The American president finds himself in the heart of a new controversy. Donald Trump signed a decree on Wednesday, December 11, to fight anti-Semitism on American campuses. This text broadens the definition of anti-Semitism used by the Ministry of Education when it enforces the Civil Rights Act of 1964. It specifically orders the use of the International Alliance's definition of anti-Semitism. the memory of the Holocaust (IHRA).
"This is our message to the universities: if you want to benefit from the huge sums you receive each year from the federal state, you must reject anti-Semitism"said Trump at a ceremony at the White House to celebrate Hanukkah, the festival of lights. With this decree, Donald Trump "Defend Jewish students" and "Makes it clear that anti-Semitism will not be tolerated", insisted his son-in-law and councilor Jared Kushner in a forum published in the New York Times.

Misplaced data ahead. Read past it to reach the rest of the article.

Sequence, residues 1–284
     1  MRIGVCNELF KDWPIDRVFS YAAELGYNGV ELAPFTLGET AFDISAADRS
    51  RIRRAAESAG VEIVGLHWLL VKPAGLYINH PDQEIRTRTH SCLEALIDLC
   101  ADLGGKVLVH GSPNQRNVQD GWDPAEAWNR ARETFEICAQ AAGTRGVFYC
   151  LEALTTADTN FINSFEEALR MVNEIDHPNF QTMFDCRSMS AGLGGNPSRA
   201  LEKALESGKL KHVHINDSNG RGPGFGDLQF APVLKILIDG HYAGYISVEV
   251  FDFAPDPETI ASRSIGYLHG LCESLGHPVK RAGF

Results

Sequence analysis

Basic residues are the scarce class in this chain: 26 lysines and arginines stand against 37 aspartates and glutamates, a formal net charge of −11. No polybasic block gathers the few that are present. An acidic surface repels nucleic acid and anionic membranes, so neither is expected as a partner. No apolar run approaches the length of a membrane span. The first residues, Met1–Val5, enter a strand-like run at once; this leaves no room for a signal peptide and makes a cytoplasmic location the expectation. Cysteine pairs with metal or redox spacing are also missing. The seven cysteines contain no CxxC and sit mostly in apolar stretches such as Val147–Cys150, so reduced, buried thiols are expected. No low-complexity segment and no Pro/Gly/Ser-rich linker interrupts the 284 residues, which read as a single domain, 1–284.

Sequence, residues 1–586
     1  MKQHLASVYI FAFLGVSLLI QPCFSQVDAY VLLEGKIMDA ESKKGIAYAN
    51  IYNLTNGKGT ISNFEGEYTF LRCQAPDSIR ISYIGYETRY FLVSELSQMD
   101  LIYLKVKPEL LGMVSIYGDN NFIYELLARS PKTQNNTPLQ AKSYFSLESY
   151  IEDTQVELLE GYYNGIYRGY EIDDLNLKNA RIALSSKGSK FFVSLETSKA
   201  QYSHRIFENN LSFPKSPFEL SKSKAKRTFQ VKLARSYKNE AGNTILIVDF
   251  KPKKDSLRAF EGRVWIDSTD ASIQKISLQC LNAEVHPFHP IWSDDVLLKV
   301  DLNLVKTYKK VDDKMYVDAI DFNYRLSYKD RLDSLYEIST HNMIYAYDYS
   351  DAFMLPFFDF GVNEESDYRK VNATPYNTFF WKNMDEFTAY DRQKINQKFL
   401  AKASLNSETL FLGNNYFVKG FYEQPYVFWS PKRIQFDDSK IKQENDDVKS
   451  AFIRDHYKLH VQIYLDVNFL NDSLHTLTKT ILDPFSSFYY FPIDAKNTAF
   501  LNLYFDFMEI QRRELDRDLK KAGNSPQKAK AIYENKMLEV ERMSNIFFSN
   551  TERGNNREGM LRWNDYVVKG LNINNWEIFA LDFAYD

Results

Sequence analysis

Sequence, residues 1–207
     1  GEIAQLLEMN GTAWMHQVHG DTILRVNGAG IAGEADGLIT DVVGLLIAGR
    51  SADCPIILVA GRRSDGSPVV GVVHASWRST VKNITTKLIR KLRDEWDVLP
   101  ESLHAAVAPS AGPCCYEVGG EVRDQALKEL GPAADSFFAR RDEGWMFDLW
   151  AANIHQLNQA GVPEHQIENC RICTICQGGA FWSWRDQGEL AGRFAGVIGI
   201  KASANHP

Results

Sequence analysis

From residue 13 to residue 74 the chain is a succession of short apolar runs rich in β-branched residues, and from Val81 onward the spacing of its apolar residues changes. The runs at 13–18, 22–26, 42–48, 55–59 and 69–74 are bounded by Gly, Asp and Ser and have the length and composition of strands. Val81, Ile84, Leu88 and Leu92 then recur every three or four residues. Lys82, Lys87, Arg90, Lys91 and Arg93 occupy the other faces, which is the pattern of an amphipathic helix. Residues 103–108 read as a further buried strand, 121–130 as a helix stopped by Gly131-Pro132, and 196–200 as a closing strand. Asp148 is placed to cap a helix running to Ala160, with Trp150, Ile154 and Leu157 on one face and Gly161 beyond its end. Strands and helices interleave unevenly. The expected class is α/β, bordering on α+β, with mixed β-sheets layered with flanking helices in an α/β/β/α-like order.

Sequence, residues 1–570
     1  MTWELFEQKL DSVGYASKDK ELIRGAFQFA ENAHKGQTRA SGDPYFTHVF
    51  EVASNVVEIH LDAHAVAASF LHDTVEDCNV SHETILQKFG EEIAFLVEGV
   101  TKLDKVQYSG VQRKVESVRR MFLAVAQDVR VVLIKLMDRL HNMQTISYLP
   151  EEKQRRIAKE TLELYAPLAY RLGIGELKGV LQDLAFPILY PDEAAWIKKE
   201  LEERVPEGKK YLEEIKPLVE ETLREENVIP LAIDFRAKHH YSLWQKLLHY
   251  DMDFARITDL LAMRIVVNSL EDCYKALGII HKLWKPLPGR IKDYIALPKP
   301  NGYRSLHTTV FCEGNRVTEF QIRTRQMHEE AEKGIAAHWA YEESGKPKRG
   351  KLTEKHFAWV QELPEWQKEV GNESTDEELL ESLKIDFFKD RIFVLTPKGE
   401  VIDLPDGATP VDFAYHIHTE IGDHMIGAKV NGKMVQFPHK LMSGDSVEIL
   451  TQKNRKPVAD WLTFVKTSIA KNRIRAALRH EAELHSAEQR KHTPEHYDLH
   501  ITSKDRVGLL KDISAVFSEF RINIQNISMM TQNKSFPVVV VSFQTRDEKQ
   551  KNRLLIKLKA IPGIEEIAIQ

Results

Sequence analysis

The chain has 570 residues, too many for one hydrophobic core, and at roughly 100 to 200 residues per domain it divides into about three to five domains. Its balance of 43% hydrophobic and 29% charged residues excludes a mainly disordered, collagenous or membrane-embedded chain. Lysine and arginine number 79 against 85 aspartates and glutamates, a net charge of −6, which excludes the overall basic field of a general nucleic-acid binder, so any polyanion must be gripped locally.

Decree to "limit" criticism of Israel
But defenders of freedom of expression fear that too broad and vague definitions of anti-Semitism will be used to ban all criticism of Israeli government policy.
For Jeremy Ben-Ami, president of the Jewish progressive organization J-Street, the presidential decree "Seems less designed to combat anti-Semitism than to limit freedom of expression and to attack campuses against criticism of Israel".